Neuroimaging-Based Classification Algorithm for Predicting 1p/19q-Codeletion Status in IDH-Mutant Lower Grade Gliomas

Fellows’ Journal Club

One hundred two IDH-mutant lower grade gliomas with preoperative MR imaging and known 1p/19q status from The Cancer Genome Atlas composed a training dataset. Two neuroradiologists in consensus analyzed the training dataset for various imaging features: tumor or cyst texture, margins, cortical infiltration, T2-FLAIR mismatch, tumor cyst, T2* susceptibility, hydrocephalus, midline shift, maximum dimension, primary lobe, necrosis, enhancement, edema, and gliomatosis. Statistical analysis of the training data produced a multivariate classification model for codeletion prediction based on a subset of MR imaging features and patient age. Training dataset analysis produced a 2-step classification algorithm with 86.3% codeletion prediction accuracy, based on the following: 1) the presence of the T2-FLAIR mismatch sign, which was 100% predictive of noncodeleted lower grade gliomas; and 2) a logistic regression model based on texture, patient age, T2* susceptibility, primary lobe, and hydrocephalus. Independent validation of the classification algorithm rendered codeletion prediction accuracies of 81.1% and 79.2% in 2 independent readers.

Abstract

BACKGROUND AND PURPOSE

IDH mutant lower grade gliomas
A 38-year-old man with a left frontal lobe diffuse astrocytoma, IDH-mutant and 1p/19q-noncodeleted, showing characteristic imaging features. A, On T2WI, the mass is homogeneously hyperintense, sharply marginated, and without significant cortical infiltration. B, FLAIR sequence shows central suppression of signal compared with the T2WI, except for a peripheral rim (ie, T2-FLAIR mismatch sign). C, T2*WI shows lack of susceptibility blooming.

Isocitrate dehydrogenase (IDH)-mutant lower grade gliomas are classified as oligodendrogliomas or diffuse astrocytomas based on 1p/19q-codeletion status. We aimed to test and validate neuroradiologists’ performances in predicting the codeletion status of IDH-mutant lower grade gliomas based on simple neuroimaging metrics.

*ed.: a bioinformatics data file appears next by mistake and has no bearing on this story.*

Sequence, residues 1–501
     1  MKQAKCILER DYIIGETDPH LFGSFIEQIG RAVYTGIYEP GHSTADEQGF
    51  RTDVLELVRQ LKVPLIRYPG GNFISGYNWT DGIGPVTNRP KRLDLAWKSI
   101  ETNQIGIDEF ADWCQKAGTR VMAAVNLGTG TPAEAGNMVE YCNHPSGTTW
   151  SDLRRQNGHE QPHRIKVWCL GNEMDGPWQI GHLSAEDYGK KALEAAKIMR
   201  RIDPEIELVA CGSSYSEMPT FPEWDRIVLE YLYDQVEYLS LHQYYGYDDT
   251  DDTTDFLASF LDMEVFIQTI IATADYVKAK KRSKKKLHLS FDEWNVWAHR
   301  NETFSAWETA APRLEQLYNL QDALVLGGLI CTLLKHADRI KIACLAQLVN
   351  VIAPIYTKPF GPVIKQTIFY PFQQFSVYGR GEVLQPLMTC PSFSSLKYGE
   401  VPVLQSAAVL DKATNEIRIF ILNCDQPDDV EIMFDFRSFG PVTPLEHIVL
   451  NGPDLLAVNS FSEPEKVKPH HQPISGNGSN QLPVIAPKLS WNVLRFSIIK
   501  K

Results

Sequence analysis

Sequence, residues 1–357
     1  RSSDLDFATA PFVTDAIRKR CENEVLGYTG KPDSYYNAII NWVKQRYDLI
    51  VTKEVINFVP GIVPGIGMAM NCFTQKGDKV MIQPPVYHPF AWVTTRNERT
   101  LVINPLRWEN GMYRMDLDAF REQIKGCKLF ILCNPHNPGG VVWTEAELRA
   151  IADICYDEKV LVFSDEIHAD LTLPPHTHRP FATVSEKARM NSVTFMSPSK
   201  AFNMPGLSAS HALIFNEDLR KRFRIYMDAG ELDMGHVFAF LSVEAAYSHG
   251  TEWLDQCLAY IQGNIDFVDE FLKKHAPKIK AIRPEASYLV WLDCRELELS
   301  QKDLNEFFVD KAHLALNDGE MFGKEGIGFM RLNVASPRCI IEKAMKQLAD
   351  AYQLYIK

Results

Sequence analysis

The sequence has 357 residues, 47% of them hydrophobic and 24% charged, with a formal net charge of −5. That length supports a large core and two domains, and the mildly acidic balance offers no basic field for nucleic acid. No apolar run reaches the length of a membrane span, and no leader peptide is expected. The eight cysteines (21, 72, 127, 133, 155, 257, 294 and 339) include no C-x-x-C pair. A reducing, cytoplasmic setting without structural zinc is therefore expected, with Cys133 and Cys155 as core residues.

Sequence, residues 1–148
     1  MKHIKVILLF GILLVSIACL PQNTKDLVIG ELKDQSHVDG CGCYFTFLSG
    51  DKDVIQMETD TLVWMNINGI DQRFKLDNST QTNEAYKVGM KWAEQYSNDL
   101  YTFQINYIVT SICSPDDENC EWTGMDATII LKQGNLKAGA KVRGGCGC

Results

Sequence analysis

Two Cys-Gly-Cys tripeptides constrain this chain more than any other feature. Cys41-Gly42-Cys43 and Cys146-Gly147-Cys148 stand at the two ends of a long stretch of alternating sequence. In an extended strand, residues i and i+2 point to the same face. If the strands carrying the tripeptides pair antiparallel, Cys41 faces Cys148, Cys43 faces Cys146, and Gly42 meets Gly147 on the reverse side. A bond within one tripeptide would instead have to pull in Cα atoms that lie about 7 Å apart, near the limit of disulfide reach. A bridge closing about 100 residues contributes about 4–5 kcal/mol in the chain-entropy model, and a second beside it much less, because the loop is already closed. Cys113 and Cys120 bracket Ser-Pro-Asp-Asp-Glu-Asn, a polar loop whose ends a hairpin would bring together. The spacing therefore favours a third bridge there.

MATERIALS AND METHODS

One hundred two IDH-mutant lower grade gliomas with preoperative MR imaging and known 1p/19q status from The Cancer Genome Atlas composed a training dataset. Two neuroradiologists in consensus analyzed the training dataset for various imaging features: tumor or cyst texture, margins, cortical infiltration, T2-FLAIR mismatch, tumor cyst, T2* susceptibility, hydrocephalus, midline shift, maximum dimension, primary lobe, necrosis, enhancement, edema, and gliomatosis. Statistical analysis of the training data produced a multivariate classification model for codeletion prediction based on a subset of MR imaging features and patient age. To validate the classification model, 2 different independent neuroradiologists analyzed a separate cohort of 106 institutional IDH-mutant lower grade gliomas.

RESULTS

Training dataset analysis produced a 2-step classification algorithm with 86.3% codeletion prediction accuracy, based on the following: 1) the presence of the T2-FLAIR mismatch sign, which was 100% predictive of noncodeleted lower grade gliomas, (n = 21); and 2) a logistic regression model based on texture, patient age, T2* susceptibility, primary lobe, and hydrocephalus. Independent validation of the classification algorithm rendered codeletion prediction accuracies of 81.1% and 79.2% in 2 independent readers. The metrics used in the algorithm were associated with moderate-substantial interreader agreement (κ = 0.56–0.79).

CONCLUSIONS

We have validated a classification algorithm based on simple, reproducible neuroimaging metrics and patient age that demonstrates a moderate prediction accuracy of 1p/19q-codeletion status among IDH-mutant lower grade gliomas.

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Neuroimaging-Based Classification Algorithm for Predicting 1p/19q-Codeletion Status in IDH-Mutant Lower Grade Gliomas
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Jeffrey Ross • Mayo Clinic, Phoenix

Dr. Jeffrey S. Ross is a Professor of Radiology at the Mayo Clinic College of Medicine, and practices neuroradiology at the Mayo Clinic in Phoenix, Arizona. His publications include over 100 peer-reviewed articles, nearly 60 non-refereed articles, 33 book chapters, and 10 books. He was an AJNR Senior Editor from 2006-2015, is a member of the editorial board for 3 other journals, and a manuscript reviewer for 10 journals. He became Editor-in-Chief of the AJNR in July 2015. He received the Gold Medal Award from the ASSR in 2013.